Ongoing innovation to expand the capacity of heat pump technology for both industrial and commercial use can help realise European demand for waste-less heating and cooling, manufacturers have argued.
The claims have been made by the European Heat Pump Association (EHPA) during a special event earlier this month that brought together industry, civil society, and policy makers. The event discussed the role that heat pump technologies can play to address challenges in realising lower carbon buildings and functions around the EU.
A key theme of the discussion was the need for new policy approaches in Europe to consider their capacity and higher temperature heat pumps for addressing significant challenges to rethinking building design and functions.
The EPHA argued that these technologies, based on their growing use in sectors such as the dairy industry, reflected how heat pumps can reduce the footprint of energy-intensive industries.
Eric Delforge, chair of the associations working group for industrial and commercial heat pumps, argued during the event that waste-less cooling or heat generation could now be viably demonstrated in production processes through larger scale technologies.
Mr Delforge added that “bold policymakers” were required across the EU to push for greater consideration of heat pumps in energy intensive industries in a similar manner to how more efficient fridges and lightbulbs were once advocated.
Dr Paul Rübig, an MEP representing the European People’s Party, argued during the event that cooling and heating were widely recognised to be the most significant contributors of carbon emissions in the EU and required drastic new approaches in technology and political thinking.
He said, “The best energy is the one that is not consumed. Therefore, technologies should be promoted that further increase the energy efficiency of industry and households.”
A second iteration of the EPHA’s brochure on the opportunities for larger scale heat pump adoption in Europe was due to be released by the middle of next month, the organisation said.
The UK government is meanwhile in the process of determining what role gas and electric technologies will play in trying to transform its buildings to meet ambitions to realise lower and zero carbon buildings over the next three decades.
Production management is a process of planning, organizing, directing and controlling the activities of the production function in an organization to achieve the goals of an organization.
Production management is the study (practices) of planning, designing, and production systems and subsystems to achieve the organization goals.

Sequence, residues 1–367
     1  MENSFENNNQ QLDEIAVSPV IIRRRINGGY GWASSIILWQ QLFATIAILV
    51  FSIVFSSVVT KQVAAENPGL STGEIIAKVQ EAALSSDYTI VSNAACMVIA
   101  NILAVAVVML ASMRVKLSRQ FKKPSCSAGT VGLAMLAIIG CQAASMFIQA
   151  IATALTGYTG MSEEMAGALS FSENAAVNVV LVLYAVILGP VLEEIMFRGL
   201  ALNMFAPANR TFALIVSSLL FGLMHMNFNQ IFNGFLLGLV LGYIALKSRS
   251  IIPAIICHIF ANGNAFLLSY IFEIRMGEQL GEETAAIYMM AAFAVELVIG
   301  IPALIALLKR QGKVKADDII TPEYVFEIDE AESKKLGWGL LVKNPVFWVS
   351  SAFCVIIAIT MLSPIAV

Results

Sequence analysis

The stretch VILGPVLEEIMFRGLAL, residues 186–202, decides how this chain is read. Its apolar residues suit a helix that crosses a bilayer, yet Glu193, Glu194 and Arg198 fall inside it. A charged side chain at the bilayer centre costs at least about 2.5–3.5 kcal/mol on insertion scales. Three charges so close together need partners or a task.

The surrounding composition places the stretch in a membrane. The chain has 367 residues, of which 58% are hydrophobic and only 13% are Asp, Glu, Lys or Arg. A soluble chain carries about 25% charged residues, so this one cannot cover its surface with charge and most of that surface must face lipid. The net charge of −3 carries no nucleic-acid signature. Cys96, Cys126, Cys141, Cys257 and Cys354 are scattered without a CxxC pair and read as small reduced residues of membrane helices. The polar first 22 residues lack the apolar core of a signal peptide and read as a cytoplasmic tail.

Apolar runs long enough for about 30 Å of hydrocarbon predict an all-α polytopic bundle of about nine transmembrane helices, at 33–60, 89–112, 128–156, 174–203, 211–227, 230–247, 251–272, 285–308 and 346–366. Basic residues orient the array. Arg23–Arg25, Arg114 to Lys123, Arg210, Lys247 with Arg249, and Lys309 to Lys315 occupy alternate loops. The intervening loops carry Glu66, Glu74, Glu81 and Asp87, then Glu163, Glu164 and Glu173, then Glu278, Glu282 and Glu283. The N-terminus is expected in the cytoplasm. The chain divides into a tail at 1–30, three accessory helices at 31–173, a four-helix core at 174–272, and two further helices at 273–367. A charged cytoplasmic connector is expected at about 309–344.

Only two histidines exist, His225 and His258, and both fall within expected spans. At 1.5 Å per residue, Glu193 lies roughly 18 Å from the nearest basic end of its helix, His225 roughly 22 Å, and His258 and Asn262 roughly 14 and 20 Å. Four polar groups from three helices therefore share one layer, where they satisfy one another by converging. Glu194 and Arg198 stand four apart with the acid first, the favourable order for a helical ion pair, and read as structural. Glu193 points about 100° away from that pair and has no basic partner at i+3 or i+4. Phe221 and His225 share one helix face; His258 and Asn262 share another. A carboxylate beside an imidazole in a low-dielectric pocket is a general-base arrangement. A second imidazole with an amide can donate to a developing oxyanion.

E.S. Buffa defines production management as, “Production management deals with decision making related to production processes so that the resulting goods or services are produced according to specifications, in the amount and by the schedule demanded and out of minimum cost.”
Objectives of Production Management:
The four objectives of the production management is ‘to produce goods services of right quality and quantity at the right time and right manufacturing cost.’
1. Right Quality:
The quality of the product is established based on the customer needs in the market. The right quality is not necessarily the best quality of the product. It is determined by the cost of the product and the technical characteristics as suited to the specific requirements of the customers in the market environment.
2. Right Quantity:
The manufacturing organization should produce the products in the right number. If they are produced more than demand the capital will block up in the form of inventory and if the quantity is produced in short of demand, leads to a shortage of products.
3. Right Time:
Timeliness of delivery of the product to the consumer or wholesaler is one of the critical parameters to judge the effectiveness of the production department. So, the production department has to make the optimal utilization of input resources to achieve its desired objectives.
4. Right Manufacturing Cost:
Manufacturing costs are incurred before the product is manufactured and released into the market. Hence, all attempts should be made to the duce the products at a pre-established cost, to reduce the variation between the actual and the standard (pre-established) cost.
Features of Production management:
Some of the key features of production management are as follows.
- Production management deals with processes. It is not possible for a single person to perform the function of production management. Production management includes some staff such as supervisors, materials managers and store managers or anyone who manage staff, equipment, or materials.
- The management term in broad interpretation includes the design of the system and performance of all the activities mandatory to operate the system, that encompasses the directions to staff and acquiring material and equipment.
- The term highlights the fact that to manage the production of the organization’s final products; there are many subsystems as parts of the production system. For example, the cost accounting department in a manufacturing company is part of the production system.
- The goal of production management is to minimize costs, for most of the organizations. It also helps to improve the efficiency and productivity of the production system.